13 tips to help you cut back on alcohol

Starting to resemble Kristin Wigg and her portrayal of a intoxicated mischief maker in Bridesmaids? Read on to remedy ...

Starting to resemble Kristin Wigg and her portrayal of a intoxicated mischief maker in Bridesmaids? Read on to remedy your behaviour.

There's no doubt that alcohol can wreak havoc on our health. However, it's often how we drink the booze that's problematic.
 
If you're keen to cut back on the alcohol, rid yourself of hangovers and reclaim your weekends here's a list of quirky tricks to reduce your intake while still having a social life.

1. Remove booze from the grocery list
Studies show that the choice of glass and the colour of alcohol can make a big difference to how much we drink.
Supplied

Studies show that the choice of glass and the colour of alcohol can make a big difference to how much we drink.

 
While a bottle of Pinot or a dozen Heineken is very much an essential amidst a frantic grocery shop with grizzly, inpatient toddlers, there's no need for you to grab a bottle (or two) 'just in case'.

Keep any alcohol purchases specific to their (necessary) purchase. If it ain't in the house there's less chance you'll go and pour a glass due to habit.

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* What I learned by not drinking for two years
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Red wine poured into a glass sitting on a flat surface should  reduce the pour level significantly, allowing you to pace ...
123RF

Red wine poured into a glass sitting on a flat surface should reduce the pour level significantly, allowing you to pace yourself.

 
 
2. Be the king of excuses

While we don't promote outright lying, a little white one for the sake of your liver is very much okay.

How about "I'm on antibiotics", or "I've got a big meeting at 9 in the morning ... yes, I know, on a Sunday". Otherwise something like "I don't want to drink, I've got a mouth ulcer" could seem relatively original, but be mindful of your audience as it'll substantially stoop your chances of evening romance.

3. Choose a slim vessel

A study by researchers at Iowa State and Cornell Universities published in the International Journal of Drug Policy confirmed that wider glasses caused people to pour nearly 12 per cent more than narrow glasses.

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It's the same phenomenon that leads people to heap more food onto a big plate than a small one.

4. Pour on a flat surface

By pouring alcohol into a glass that is sitting on a flat surface results in a serving volume of 12.2 per cent less than if the alcohol was poured into a hand-held glass. 

5. Choose dark-coloured drinks

Red wine and dark spirit lovers rejoice, for those who drink dark-hued beverages are more likely to consume less per glass without even knowing it.

Participants in the Iowa study were found to pour 9.2 per cent less red wine than white.

The researchers put this down to a fairly logical answer - the minimal colour contrast between white liquid and a clear glass makes the glass look less full, and therefore we unwillingly pour more.

6. Find somewhere less rowdy

Psychologist Sara Chatwin of Mindworks suggests choosing a quieter setting to have a drink.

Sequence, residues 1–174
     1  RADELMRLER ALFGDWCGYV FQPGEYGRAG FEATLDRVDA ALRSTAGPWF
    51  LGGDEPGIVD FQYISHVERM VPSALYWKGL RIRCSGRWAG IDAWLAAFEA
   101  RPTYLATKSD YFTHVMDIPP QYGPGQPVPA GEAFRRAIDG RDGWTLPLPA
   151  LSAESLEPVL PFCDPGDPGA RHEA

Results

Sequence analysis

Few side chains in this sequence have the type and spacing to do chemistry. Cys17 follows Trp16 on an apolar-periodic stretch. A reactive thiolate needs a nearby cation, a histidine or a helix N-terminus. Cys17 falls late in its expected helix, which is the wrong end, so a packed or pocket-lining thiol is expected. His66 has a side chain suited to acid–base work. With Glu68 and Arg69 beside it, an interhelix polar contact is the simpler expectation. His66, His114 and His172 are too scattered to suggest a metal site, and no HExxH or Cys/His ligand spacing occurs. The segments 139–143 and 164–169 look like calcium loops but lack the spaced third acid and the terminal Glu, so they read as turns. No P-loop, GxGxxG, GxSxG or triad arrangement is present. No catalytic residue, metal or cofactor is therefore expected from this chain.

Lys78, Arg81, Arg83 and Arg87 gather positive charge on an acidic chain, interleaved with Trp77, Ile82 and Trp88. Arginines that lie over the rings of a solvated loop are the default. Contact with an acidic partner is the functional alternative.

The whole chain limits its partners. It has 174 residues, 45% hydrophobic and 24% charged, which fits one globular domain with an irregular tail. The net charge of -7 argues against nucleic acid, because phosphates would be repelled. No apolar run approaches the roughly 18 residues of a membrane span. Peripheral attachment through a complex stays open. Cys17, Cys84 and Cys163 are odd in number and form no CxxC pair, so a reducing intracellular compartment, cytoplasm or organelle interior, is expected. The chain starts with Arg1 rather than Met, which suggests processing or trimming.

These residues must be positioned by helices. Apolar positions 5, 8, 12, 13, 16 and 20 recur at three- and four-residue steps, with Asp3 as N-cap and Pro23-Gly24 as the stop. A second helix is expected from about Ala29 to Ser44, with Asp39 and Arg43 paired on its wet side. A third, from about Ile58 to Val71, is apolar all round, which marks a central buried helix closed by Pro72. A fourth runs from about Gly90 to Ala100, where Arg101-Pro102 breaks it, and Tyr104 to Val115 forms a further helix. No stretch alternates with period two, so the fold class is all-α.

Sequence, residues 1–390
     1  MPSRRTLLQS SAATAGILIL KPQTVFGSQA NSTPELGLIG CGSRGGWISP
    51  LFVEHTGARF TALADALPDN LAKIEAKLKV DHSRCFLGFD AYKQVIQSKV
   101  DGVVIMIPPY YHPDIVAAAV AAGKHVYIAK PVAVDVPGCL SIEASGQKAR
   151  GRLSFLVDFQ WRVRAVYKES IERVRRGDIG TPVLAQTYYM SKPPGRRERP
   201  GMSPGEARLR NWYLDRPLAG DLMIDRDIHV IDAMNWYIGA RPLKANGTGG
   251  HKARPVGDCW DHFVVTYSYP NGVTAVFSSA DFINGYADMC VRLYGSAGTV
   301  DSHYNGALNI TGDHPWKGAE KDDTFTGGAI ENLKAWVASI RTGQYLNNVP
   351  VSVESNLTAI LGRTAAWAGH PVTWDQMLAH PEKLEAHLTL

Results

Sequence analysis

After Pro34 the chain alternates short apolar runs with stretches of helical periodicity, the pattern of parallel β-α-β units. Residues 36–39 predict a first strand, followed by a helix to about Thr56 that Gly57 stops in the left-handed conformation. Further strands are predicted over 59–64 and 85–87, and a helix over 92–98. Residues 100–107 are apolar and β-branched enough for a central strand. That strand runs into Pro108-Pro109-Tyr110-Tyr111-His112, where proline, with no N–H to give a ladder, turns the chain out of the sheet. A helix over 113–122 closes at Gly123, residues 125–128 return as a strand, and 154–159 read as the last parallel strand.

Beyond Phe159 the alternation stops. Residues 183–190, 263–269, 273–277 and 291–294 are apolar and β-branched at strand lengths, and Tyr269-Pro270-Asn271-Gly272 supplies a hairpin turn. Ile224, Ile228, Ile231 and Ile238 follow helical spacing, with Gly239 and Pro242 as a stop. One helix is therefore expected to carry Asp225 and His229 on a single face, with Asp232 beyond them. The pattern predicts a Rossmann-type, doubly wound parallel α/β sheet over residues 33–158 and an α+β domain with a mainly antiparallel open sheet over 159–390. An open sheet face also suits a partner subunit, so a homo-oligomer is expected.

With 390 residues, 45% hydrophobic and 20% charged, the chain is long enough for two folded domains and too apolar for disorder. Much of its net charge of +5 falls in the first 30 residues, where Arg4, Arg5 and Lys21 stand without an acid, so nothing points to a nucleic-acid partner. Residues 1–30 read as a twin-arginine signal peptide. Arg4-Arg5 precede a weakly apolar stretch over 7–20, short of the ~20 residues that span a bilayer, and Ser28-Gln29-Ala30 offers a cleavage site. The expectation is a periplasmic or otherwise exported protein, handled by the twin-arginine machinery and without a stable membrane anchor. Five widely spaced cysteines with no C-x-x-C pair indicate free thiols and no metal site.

We don't mean the library, but perhaps somewhere with a chilled out atmosphere with no music or something with a soft, slow beat.

Studies show that loud music in bars make women in particular prone to drinking.

"Drinking environments that are noisy and highly stimulating will encourage people to drink with more haste and in greater quantities," says Chatwin. "Because we have to compete to be heard and to interact."

7. Be a morning person 

"Socialise in the morning," says Chatwin. "Plan activities that don't require alcohol and that perhaps occur a time of day that doesn't encourage drinking."

8. Show up late

The gang may want a 4pm start, but your liver is already screaming 'help'.

For long-winded events or nights out say you'll be there but cannot make it until later - you can still have a good time and the bonus is by then everyone else won't even notice that you're sober. 

9. Have a woman pour your drink

No sexism here, just fact. Research has shown that blokes are far more heavy-handed, about 9 per cent more so, when it comes to pouring a glass of anything than women are. For even more control, pour it yourself.

10. Make it rocky

Yes, adding plenty of ice to your drink will dilute the alcohol, but it's a great way to prolong your social stamina, hydrate you more, lessen effects of hangovers, and keep you and your cocktail cool. 

Do not try this with red wine - unless you're one of those types who like to store reds in the fridge.

11. Be app-ountable
 
There's an app for everything - including keeping your drinking in check.
 
For a bit of accountability, drink trackers and blood alcohol checkers can be found on the app store. 

From our quick search, the 'tipple' app seemed to look the most user-friendly and be more of a fun challenge than just a chore.
 
12. Sip don't scull   
 
Just slow down already. Sipping your drink, rather than gulping it down like you haven't had fluid in weeks, is a good way to limit your overall consumption.
 
13. A 'no' brainer
 
Not a trick per say, but perhaps an timely reality check: "Man up and don't be ashamed or worried to say 'no thanks' to alcohol," says Chatwin.
 
It's your reasoning, your body, and your prerogative to not have to answer to anyone else. 
 
If you have a serious alcohol problem then please seek expert help via the Alcohol and Drug Helpline (0800 787 797). 
 
 
 
 
 

 - Stuff

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